The Perfect Soldier: Special Operations, Commandos, and the Future of Us Warfare by James F. Dunnigan
More Books by James Dunnigan
Dirty Little Secrets
The Gulf War and Victory Disease
by James Dunnigan
June 23, 2002
The following is an excerpt from "Getting It Right," a book on the reforms in the US military, mainly the army, between Vietnam and the 1991 Gulf War.
The Gulf War was unique in American military history. Never before had there been such a stunning American victory in the first battle of a war. One would hope that this would be the pattern for the future. One might hope in vain unless careful attention is paid to the "Victory Disease." Up until Vietnam, Americans had never felt that they had lost a war. But Vietnam was different. Although U.S. troops were generally victorious on the battlefield, the war ended with American goals abandoned and, in effect, an American defeat. That feeling of defeat led to more peacetime reforms that the U.S. armed forces have ever experienced. The results were obvious in the Gulf War. What happens next will not be so obvious. What happens next is a long struggle against the insidious Victory Disease. This affliction has been caught by most armies after they have won a war. The American military has caught it after every war, except Vietnam.
The Victory Disease throws the following curves at the conquering heroes;
It worked so well last time, let's do it again next time. When a nation is defeated, it generally looks for a different way to fight the next war. The old ways obviously didn't work and new techniques are not only sought out, but practiced vigorously. The winners have a different attitude, best summed up as, "don't mess with something that works." Actually, this attitude was once sound advice. But in the last two centuries, new technologies have arrived at an ever increasing rate and winners and losers had to adapt and change quickly, or else. The Victory Disease tends to make winners blind to these needed changes. Worse yet, it does not concentrate the victors efforts as much as it does for the losers. Already, one of the new buzzwords in Washington is "Desert Storm Equivalent." This is false, no future war will be a "Desert Storm Equivalent," even in another war with Iraq, or a new one with Iran. The reason that their will not be another Desert Storm is that potential adversaries of the U.S. have learned the lesson not to give the U.S. six months to buildup its forces. More foreboding is the comment of one Third World officer, "don't go to war with American unless you have nuclear weapons."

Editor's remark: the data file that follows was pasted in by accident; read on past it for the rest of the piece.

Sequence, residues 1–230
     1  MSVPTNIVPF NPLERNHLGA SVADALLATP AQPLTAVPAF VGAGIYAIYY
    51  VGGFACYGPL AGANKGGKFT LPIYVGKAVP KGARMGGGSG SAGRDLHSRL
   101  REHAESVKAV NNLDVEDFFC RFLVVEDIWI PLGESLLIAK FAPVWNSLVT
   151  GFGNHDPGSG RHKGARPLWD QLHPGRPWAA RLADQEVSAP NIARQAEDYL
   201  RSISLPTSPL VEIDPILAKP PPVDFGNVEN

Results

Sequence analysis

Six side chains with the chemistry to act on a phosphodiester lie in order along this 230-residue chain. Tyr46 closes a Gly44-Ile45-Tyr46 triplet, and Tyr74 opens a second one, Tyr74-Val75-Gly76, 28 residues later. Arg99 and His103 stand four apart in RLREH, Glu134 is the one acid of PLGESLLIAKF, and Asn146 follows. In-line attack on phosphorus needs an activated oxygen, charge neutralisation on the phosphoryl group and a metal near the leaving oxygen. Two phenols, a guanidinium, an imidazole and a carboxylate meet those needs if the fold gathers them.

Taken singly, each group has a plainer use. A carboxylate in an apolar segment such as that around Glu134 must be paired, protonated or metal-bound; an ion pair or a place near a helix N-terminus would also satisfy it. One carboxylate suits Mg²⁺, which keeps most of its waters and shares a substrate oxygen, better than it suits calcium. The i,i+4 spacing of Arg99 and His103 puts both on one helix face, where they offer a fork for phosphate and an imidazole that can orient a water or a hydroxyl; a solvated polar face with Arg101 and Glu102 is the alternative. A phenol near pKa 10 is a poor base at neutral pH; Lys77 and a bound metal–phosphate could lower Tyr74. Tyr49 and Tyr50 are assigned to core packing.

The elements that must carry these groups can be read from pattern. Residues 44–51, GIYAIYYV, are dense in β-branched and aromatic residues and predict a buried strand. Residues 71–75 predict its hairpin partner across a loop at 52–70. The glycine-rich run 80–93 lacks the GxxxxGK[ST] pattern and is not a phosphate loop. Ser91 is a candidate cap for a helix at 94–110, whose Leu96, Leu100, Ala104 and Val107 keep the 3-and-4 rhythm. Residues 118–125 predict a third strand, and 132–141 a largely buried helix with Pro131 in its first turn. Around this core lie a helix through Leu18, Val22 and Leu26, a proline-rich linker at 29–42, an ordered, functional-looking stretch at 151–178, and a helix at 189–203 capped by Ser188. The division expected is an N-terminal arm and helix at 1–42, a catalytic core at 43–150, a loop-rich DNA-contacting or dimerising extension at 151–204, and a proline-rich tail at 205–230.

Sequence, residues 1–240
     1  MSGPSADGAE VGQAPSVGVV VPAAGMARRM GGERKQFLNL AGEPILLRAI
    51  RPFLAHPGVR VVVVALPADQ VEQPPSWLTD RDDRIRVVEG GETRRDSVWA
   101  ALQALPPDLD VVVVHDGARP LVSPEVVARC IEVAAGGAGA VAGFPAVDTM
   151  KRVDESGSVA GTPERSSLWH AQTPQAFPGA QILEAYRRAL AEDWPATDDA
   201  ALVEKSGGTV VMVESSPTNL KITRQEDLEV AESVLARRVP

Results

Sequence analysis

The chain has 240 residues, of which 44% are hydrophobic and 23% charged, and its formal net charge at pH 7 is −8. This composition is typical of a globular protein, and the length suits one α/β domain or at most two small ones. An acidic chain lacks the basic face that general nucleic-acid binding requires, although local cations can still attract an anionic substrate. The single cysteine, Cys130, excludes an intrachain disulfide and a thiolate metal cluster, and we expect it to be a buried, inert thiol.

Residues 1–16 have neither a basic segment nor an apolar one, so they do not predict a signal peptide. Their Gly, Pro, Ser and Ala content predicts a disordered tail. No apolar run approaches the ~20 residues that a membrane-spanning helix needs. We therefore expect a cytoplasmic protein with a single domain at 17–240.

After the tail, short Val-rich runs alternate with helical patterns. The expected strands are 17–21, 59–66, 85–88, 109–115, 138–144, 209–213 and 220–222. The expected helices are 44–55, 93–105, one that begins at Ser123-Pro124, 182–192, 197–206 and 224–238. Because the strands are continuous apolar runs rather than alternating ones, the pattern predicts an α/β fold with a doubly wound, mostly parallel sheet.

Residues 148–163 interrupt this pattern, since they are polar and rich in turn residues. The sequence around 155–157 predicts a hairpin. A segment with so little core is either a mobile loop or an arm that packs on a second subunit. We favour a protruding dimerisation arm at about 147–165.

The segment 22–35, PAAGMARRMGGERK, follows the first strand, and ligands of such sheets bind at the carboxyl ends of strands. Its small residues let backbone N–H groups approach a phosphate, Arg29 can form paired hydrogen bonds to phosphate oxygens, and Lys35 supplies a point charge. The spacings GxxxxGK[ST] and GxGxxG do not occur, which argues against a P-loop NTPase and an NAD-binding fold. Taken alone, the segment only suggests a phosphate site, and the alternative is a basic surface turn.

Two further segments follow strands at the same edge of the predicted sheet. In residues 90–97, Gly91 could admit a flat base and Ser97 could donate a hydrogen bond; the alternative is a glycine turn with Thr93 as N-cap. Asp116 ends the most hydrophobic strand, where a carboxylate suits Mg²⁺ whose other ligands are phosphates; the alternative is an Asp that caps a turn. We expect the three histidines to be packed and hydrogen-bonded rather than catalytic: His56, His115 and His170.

Congratulations, you're fired. After a feeling of exhilaration, the victorious armies fellow citizens and political leaders then tend to think, "if these guys did so well, maybe we don't need as many of them." Nations do not willingly spend large amounts of money on troops in peacetime, particularly democracies.
What exactly did we do in order to win? In defeat, everyone has some defects to work on. In victory, the defects are less visible and much more effort is spent on embellishing ones good points. This embellishment is often at the expense of a realistic assessment of what actually happened. Losers want to be winners again and are quick to dump old habits. Winners have no where to go but down and are reluctant to fiddle with what is obviously a winning combination. This is further complicated by everyone tending to claim a larger share of the victory than a dispassionate analysis would indicate.
False Expectations. The public, the politicians, and even some of the troops, will form expectations about future wars that are unlikely to be realized. Senior officers fear facing Congress after a future conflict that gets more Americans killed than Desert Storm. The troops dread facing troops with more fire in their bellies than the Iraqis. And everyone fears surprise, yet surprise is one of the constants in warfare.
For the American armed forces, the Gulf War brought forth all four symptoms to one degree or another.